4.5. Outlook

For operational use, a further refinement of the ΔrNBR may be considered by applying spatial filtering to single isolated pixels (implemented as an option in the freely available GEE script). A diffuse and homogenous distribution of single pixels across forest surfaces, not displaying any spatial pattern that can be related to any driver of disturbance, may be taken as an indication of these pixels representing noise rather than actual canopy disturbance. This step, however, requires an assessment based on regional knowledge. In such case, the reliability of the final product indicating disturbances and potential forest degradation may be further increased.
Furthermore, until now, the operational use of the ΔrNBR approach with Sentinel-2 (S2) data was not feasible due to insufficient data availability. First testing of single day S2 data has shown promising results [50]. Moreover, with revisiting times of five days and 10 m spatial resolution, we expect an increased potential for the operational real-time monitoring of forest canopy disturbances and related forest degradation processes.

5. Conclusions

In this study, we present a forest canopy disturbance monitoring methodology (called the ΔrNBR approach) based on medium-resolution satellite imagery that allows the detection of disturbance events at the sub-pixel level with satisfying accuracy. A ‘self-referencing’ procedure enables inter-scene comparability by removing atmospheric/topographic artifacts, thus allowing the processing of large numbers of satellite scenes and deriving seamless wall-to-wall forest disturbance maps at national or regional scales. The monitoring approach, implemented as a Google Earth Engine script, requires almost no user-interaction, thus providing consistent results. The access to extensive time series of satellite imagery with short repetition rates, such as Landsat or Sentinel 2, as provided by the Google Earth Engine archives is important. The script allows the analysis of any desired (also historic) period as long as sufficient imagery is available. Using Google cloud computing, the script can quickly process a full series of satellite images over a defined observation period, thus retaining canopy disturbances even if only detected once. This is essential for tracing forest degradation processes in the tropics, as canopy disturbances can become quickly invisible due to fast re-growing vegetation. A clear advantage of our monitoring approach lies in its capacity to deal with large amounts of satellite imagery in an automated way, where any visual interpretation would probably already fail in the initial phase, while only screening such a number of images. Due to its transparent methodology, this automatic monitoring approach will be of interest for MRV (monitoring, reporting and verification) in the context of REDD+ (reducing emissions from deforestation and forest degradation) or under FLEGT (forest law enforcement, governance and trade) for identifying logging activities. Integrating Sentinel 2 data will further increase the potential for operational real-time monitoring of forest degradation processes.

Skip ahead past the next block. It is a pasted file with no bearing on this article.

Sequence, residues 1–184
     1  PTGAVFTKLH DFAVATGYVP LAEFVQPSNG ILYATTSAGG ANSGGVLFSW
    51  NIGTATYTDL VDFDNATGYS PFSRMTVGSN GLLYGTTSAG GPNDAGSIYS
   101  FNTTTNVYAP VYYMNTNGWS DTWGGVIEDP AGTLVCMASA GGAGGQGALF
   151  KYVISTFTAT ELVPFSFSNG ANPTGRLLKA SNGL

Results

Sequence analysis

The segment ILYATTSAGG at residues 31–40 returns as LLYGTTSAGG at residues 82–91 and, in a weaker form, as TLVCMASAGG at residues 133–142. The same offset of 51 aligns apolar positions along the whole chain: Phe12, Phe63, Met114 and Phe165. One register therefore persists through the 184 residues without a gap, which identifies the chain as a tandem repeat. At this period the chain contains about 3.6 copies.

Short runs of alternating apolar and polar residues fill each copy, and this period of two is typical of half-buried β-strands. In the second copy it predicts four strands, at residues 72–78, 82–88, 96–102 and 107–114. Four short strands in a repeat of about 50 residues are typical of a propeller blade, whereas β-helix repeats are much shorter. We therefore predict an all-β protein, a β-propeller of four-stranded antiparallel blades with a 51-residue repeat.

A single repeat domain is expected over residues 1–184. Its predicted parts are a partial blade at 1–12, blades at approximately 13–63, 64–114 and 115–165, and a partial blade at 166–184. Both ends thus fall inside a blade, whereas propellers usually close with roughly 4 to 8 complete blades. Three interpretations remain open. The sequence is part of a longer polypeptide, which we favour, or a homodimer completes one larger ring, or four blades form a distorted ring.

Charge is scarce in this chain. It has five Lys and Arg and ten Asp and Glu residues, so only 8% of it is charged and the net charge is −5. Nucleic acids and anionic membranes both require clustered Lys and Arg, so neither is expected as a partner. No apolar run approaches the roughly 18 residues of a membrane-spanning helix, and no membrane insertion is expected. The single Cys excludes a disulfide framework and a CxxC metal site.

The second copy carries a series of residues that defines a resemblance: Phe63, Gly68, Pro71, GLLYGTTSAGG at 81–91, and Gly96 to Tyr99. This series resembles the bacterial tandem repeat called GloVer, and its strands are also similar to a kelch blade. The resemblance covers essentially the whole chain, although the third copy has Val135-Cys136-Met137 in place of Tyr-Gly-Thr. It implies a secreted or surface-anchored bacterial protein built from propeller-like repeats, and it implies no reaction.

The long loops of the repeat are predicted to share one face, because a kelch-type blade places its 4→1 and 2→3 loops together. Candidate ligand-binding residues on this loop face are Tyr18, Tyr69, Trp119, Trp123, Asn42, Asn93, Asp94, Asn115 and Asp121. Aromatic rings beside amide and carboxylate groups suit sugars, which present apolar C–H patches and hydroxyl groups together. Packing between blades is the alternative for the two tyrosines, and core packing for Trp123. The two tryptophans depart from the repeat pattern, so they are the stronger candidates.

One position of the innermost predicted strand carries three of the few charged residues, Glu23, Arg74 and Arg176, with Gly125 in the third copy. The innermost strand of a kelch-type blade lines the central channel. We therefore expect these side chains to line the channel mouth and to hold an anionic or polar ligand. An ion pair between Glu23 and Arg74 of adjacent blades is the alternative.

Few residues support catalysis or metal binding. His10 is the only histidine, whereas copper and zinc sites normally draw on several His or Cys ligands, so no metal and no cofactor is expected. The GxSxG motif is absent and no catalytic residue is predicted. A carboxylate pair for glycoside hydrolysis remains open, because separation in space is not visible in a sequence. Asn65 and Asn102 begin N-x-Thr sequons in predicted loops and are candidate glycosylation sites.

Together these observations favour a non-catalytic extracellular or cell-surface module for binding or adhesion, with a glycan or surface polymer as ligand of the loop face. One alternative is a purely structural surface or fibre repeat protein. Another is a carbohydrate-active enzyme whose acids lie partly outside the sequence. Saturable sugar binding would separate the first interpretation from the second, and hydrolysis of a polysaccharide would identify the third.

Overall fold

For development versions of the ΔrNBR script (Google Earth Engine account necessary) please see For the latest archived version of the library, use DOI Already processed ΔrNBR maps covering several Southeast Asian countries (further areas from other continents will be added) can be accessed at


We would like to thank the Department of Inspectorate and Law Enforcement/General Department of Administration for Nature Conservation and Protection (GDANCP) of Cambodia, the Forest Inventory and Planning Division (FIPD) and the Department of Forestry (DoF) of Laos in cooperation with the Scaling-Up Participatory Sustainable Forest Management (SUFORD-SU) project for their support in planning and implementing the field studies. In addition, we would like to thank SUFORD-SU for providing the VHR reference datasets for accuracy assessment in Laos.

Author Contributions